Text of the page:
Speaking to reporters at this week’s Serbian Open, the 33-year-old insisted he would not reveal if he would receive a vaccine in the future and hoped that receiving a vaccine would not be. not made compulsory by the governing bodies of sport.
“I don’t think that will happen. I hope not, because I have always believed in freedom of choice,” Djokovic said, per Reuters.
“And I will keep the decision whether or not to get the vaccine,” he said. “It’s a personal decision, and I don’t want to get into this pro and anti-vaccine game that the media unfortunately creates these days.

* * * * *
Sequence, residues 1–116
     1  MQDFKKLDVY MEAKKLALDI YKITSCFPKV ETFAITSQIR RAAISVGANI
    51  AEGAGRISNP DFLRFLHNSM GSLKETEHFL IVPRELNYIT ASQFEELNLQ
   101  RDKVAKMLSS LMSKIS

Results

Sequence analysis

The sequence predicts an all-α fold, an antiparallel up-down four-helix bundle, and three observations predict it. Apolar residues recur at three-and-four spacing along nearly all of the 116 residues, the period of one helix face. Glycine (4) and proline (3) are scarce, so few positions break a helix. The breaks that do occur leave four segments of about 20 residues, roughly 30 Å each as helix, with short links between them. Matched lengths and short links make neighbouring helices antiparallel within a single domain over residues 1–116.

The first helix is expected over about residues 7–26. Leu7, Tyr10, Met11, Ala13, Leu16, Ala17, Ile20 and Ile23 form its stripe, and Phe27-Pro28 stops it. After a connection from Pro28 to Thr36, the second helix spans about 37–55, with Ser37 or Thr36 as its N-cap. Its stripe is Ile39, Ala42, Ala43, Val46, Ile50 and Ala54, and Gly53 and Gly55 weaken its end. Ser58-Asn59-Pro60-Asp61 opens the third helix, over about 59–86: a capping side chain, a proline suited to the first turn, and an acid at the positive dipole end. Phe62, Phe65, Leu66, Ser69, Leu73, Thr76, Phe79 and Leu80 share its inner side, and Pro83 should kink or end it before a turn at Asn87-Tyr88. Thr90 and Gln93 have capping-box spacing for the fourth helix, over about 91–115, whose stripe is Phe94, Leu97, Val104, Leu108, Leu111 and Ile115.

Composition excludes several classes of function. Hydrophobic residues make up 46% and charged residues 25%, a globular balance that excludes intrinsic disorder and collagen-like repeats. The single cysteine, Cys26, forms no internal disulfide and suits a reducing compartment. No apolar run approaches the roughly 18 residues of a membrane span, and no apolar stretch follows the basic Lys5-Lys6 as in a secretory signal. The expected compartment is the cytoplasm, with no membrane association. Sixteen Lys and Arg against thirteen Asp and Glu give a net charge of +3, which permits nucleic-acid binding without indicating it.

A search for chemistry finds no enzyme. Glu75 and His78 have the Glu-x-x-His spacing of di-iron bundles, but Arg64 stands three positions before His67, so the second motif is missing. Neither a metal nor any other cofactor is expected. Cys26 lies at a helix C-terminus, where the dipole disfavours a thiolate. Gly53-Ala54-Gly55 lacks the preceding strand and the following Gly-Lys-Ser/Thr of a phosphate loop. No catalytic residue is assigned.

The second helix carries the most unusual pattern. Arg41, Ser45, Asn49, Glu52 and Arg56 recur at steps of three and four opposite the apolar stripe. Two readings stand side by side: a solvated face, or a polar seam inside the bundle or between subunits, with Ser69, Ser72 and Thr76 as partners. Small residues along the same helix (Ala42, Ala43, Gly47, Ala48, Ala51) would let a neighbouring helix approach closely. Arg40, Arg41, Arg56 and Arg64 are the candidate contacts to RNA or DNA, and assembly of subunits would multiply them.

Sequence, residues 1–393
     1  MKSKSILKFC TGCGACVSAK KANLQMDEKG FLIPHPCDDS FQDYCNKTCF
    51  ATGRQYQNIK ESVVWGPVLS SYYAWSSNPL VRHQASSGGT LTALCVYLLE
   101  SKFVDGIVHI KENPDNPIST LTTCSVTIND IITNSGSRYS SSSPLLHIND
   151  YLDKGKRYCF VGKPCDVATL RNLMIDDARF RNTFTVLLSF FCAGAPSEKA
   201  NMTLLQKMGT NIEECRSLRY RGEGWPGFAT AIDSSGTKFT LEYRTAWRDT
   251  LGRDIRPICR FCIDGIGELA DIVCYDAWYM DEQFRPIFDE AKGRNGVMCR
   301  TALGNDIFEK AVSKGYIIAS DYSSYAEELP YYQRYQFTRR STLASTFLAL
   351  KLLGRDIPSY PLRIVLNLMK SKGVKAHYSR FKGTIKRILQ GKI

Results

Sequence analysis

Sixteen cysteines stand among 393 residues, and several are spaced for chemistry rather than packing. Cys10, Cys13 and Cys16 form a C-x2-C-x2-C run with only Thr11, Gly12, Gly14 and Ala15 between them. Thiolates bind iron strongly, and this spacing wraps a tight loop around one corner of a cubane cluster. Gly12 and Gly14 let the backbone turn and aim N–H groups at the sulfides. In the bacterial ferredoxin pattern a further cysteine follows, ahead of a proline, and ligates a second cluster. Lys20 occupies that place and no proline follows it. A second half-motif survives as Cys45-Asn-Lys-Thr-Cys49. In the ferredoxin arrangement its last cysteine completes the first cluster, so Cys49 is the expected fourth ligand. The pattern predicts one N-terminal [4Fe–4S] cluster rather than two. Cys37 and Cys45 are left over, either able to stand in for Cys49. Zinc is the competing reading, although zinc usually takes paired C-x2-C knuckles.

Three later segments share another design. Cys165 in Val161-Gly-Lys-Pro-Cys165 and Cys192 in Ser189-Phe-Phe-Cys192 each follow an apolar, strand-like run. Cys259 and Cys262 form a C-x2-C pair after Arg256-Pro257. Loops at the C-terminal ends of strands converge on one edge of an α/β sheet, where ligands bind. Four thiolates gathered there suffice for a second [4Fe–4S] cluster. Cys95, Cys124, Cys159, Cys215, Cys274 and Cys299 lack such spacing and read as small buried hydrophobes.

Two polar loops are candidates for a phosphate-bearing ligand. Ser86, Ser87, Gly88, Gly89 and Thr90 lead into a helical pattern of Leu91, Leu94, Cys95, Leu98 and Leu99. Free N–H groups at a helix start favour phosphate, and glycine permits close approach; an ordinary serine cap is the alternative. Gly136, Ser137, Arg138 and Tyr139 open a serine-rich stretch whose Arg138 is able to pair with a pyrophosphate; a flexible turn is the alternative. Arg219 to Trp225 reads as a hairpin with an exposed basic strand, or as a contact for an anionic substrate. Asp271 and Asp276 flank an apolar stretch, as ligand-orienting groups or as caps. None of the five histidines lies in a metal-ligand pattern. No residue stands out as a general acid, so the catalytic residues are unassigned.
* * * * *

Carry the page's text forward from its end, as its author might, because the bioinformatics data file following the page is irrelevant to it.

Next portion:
“I don’t want to be labeled as someone who is against or who is for vaccines. I’m not going to answer the question … and I hope everyone respects that.”
Djokovic’s comments come after the Association of Tennis Professionals (ATP) said vaccinated players would not be classified as close contacts of those who tested positive for the virus, meaning they would be less susceptible to disruption during competitions.
The ATP and the Women’s World Tennis Association (WTA) have recommended that players get vaccinated when offered.
Djokovic tested positive for coronavirus last year after an exhibition event he hosted in Croatia.
The Serb has previously said he would oppose a mandatory vaccination, but has since said he will wait for more details from ATP on his protocols.
Djokovic won the Australian Open earlier this year to claim his 18th Grand Slam title. He also broke Roger Federer’s all-time record for most of the weeks he spent as the men’s world No.1.